The Mesquite Heart Board presented the Mesquite City Council with information on its Heart Safe Community recognition during Monday night’s City Council meeting.
According to the North Central Texas Trauma Regional Advisory Council (NCTTRAC), “the Heart Safe Community Program is designed to recognize the efforts a community makes to its citizens in protecting them from the effects of heart disease and sudden cardiac death by evaluating different aspects of the system as a whole.”
NCTTRAC states this recognition requires a “multidisciplinary team approach to review and complete the components of the Heart Safe Community Program. Communities that successfully complete the application process are eligible to display the NCTTRAC Heart Safe Community street signs throughout their communities.”
Lisa Fox, president of the Mesquite Heart Board and ER director at Dallas Regional Medical Center, briefly went over the steps they took to achieve this recognition.
“We have a dispatch system in place that is very helpful. As soon as someone calls 911 they’re able to go over anything that they may need to do such as CPR,” she said. “If you have a patient that is unresponsive they’ll walk you through that, stay with you on the phone and help you manage CPR to that patient.”
She added that the city’s EMS/fire/first responders are all trained and experts in what they do.
“Our city of Mesquite plays a big part in this with raising awareness with heart disease. We have smoke-free ordinances; we have healthy menus in our restaurants for heart-healthy diets (and) caloric values on the menus,” Fox said.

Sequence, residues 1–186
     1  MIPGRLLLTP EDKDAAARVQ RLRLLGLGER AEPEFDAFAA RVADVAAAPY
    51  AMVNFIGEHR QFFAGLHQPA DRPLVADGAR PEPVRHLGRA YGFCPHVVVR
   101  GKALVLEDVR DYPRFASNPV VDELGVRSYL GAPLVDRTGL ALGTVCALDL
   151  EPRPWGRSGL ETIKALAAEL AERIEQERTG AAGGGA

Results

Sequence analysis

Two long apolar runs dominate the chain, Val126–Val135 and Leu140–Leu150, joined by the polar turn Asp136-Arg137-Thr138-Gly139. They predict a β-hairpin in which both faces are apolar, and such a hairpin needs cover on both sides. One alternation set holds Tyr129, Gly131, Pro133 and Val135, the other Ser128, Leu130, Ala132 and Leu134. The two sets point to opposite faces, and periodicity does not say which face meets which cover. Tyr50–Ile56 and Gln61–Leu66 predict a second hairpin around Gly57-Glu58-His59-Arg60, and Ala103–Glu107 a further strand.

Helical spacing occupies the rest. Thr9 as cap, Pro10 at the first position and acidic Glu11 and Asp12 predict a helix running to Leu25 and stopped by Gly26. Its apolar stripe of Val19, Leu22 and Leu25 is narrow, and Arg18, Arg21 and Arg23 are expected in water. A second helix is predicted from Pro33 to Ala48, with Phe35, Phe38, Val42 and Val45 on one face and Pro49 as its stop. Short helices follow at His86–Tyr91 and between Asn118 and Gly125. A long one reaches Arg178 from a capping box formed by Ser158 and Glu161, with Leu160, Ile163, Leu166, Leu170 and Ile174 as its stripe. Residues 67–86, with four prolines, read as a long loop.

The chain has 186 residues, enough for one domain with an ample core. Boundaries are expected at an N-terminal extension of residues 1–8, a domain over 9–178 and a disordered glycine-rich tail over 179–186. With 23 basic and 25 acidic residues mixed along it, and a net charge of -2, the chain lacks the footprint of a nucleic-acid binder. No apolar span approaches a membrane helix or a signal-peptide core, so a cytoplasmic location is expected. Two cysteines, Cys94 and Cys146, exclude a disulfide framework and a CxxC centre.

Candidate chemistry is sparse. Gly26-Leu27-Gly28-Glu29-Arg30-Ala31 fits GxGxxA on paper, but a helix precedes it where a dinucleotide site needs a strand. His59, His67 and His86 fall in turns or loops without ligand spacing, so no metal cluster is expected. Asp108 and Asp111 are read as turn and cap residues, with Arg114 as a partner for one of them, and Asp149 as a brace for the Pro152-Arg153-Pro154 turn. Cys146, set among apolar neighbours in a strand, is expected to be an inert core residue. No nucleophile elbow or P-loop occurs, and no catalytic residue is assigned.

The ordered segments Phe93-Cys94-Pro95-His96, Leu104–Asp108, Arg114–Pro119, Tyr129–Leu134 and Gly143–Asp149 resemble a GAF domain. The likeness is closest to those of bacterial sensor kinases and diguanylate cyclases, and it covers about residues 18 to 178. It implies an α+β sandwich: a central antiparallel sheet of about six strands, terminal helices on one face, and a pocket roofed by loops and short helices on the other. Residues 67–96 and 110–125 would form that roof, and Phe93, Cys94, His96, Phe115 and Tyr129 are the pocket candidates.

Other important pieces include parks, trails, recreation system and fitness facilities, Mesquite ISD and the Mesquite Heart Board, which recently became a nonprofit organization.
The Mesquite Heart Board holds an annual Mesquite Go Red Gala and the third one will be on Feb. 13. Fox said their first gala raised $23,000, which was sent to the American Heart Association.
“We became a nonprofit organization so that we can keep those funds here in Mesquite so that we can provide education, we can provide AEDs (automated external defibrillator) in our community, so that we can provide LifeVest (wearable defibrillator),” she said. “We want to give back to the community like that so we are very proud in achieving this designation.”